Job Interviews

Is The Position You Have A Job Interview For Real?

Is The Position You Have A Job Interview For Real?

Sometimes companies create job descriptions and start interviewing candidates before a budget is approved to actually fill those positions. If there aren't many good matches during that phase, the company simply doesn't fill the opening, and no further resources are spent. One of our readers asked CAREEREALISM founder J.T. O'Donnell, "How do you find out if an employer has the budget to hire you? I've had interviews where the position has later been dropped." Use these tactics to find out if the job you've applied for is official yet or not, so you won't waste any more time pursuing a situation that may be unnecessarily tough to handle:

Ask great questions during the interview.

Ask some well thought-out questions of your own after the interviewer(s) share theirs with you. You can change the way the company views you based on the questions you ask during the interview (and potentially after as well). If you don't ask anything, you won't have the chance to make as good an impression on them through what you know and your work attitude. Any additional information you can give (especially in the form of questions) gives them a clearer picture of who you are, which will give you a much better shot of receiving an offer. They may do the same thing to you by asking tough questions, but that can be a good thing. Think of your interview as working with them before you're an employee. That will lead to a better relationship for both of you. (It will also let you know whether or not it's the kind of place you'd like to work, because an uncompromising situation isn't the right fit for too many people.)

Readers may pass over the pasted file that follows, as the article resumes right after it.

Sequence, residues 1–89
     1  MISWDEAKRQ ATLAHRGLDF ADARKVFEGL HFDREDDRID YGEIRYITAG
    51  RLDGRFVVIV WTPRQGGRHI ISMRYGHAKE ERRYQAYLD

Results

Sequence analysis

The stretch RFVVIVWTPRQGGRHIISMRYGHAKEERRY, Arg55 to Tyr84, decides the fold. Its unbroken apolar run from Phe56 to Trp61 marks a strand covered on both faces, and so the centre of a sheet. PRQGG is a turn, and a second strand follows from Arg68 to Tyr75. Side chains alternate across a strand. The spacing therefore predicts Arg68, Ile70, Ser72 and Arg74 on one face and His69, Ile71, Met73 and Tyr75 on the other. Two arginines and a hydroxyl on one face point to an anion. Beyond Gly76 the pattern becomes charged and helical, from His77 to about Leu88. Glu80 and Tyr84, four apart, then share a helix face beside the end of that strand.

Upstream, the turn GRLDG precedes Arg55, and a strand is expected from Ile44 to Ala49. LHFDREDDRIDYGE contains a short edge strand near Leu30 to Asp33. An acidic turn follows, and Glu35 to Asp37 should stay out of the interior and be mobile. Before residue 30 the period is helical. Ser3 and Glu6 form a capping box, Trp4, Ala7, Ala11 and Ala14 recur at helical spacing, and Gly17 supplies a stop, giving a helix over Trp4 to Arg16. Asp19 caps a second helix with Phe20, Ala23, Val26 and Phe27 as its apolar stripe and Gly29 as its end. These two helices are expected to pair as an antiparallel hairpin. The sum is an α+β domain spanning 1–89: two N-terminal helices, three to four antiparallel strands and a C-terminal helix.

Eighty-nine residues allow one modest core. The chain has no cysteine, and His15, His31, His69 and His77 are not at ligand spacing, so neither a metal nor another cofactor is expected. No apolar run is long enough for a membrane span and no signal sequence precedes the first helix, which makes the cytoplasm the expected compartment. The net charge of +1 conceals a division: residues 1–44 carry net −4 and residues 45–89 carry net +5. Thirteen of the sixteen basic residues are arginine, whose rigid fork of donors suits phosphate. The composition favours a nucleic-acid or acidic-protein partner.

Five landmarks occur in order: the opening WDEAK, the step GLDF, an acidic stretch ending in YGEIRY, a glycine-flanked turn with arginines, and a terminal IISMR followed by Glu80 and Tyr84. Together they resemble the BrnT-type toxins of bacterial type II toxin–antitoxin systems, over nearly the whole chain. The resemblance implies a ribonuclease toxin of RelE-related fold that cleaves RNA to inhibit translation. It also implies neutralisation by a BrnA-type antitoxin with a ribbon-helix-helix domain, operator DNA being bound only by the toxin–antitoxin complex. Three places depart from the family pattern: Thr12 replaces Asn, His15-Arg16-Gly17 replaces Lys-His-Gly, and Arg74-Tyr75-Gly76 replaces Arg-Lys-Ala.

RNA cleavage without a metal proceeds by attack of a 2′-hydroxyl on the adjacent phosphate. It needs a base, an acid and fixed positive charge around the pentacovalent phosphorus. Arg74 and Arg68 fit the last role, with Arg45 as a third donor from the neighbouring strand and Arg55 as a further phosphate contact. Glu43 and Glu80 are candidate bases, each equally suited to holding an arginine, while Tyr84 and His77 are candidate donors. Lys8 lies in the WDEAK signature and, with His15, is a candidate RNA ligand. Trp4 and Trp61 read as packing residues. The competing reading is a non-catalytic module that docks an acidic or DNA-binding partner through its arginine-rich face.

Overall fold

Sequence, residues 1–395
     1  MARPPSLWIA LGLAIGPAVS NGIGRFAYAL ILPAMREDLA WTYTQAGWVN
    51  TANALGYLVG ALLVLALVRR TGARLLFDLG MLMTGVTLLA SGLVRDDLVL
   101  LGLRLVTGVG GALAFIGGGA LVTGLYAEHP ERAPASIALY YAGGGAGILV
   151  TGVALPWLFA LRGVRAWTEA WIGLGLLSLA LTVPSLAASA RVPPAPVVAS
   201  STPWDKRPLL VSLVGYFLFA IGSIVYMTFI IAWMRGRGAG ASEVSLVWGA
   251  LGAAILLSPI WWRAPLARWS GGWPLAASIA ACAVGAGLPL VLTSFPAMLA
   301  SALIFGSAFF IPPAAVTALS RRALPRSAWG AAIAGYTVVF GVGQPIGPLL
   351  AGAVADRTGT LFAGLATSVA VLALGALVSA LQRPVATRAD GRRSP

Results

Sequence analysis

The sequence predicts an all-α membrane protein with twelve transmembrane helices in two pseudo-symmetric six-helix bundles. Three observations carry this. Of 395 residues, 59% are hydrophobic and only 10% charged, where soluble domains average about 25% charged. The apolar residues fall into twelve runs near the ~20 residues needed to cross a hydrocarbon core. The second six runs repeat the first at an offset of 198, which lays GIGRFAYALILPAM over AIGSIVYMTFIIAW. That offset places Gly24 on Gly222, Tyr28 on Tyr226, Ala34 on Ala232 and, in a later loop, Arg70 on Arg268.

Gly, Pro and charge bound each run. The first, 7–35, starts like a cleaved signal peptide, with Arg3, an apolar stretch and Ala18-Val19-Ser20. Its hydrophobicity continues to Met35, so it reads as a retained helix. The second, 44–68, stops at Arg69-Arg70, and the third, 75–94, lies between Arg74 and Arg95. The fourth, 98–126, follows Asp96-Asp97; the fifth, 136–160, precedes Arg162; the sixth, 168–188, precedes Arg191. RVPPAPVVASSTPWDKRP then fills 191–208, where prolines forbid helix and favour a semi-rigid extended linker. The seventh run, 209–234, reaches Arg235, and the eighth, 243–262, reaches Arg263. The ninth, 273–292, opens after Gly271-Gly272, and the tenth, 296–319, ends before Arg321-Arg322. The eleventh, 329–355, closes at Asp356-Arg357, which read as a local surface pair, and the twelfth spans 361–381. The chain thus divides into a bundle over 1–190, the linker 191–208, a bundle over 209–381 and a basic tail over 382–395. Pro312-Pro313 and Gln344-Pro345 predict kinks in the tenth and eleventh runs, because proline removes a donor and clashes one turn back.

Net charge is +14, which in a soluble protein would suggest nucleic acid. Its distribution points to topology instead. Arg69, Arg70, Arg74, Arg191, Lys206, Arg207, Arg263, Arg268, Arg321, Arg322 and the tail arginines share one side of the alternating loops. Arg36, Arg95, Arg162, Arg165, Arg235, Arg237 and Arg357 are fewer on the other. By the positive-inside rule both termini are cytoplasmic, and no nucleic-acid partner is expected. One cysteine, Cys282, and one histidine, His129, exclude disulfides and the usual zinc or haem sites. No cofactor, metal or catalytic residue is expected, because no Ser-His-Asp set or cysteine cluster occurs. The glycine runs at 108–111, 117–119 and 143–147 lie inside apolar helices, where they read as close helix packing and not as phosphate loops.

Ask questions like...

  • Why is this job being created?
  • What are the expectations and goals for the job?
  • Has there been a similar job in this company in the past?
  • How will this person work with other employees?
  • Whom will he/she report to?
  • Are there any tasks that would be shifting from another employee to this one, or is everything that would be done a new action?
If the interviewer doesn't have clear answers for most of those questions, it may not be a definite opening. They may still be trying to figure out if it's worth trying to draft a budget for, let alone how much this position might pay. Either way, there's a bright side: the process could be window shopping for the future, so if you like where the company is headed but they don't have a position just yet, you have planted the seed of possibility for openings in the future (especially if you can show you've grown since you applied for this opening).

Would you accept an offer?

You need to have a very good idea of whether or not you would accept the position if it's offered to you based on how your interview and other interactions with employees go. If you don't know, then ask more questions or do some more research/networking with company employees if the interviewer is running short on time. If you've heard firsthand from a few different people what the company is like and you understand where they rank and how their values differ from their competitors, you will have more than enough information to know if the company is right for you. Finding ways to exhibit that effort (like by asking questions in an interview) will show the depth of your interest in being a good fit for the organization. Enjoy this article? You've got time for another! Check out these related articles:   Photo Credit: Shutterstock
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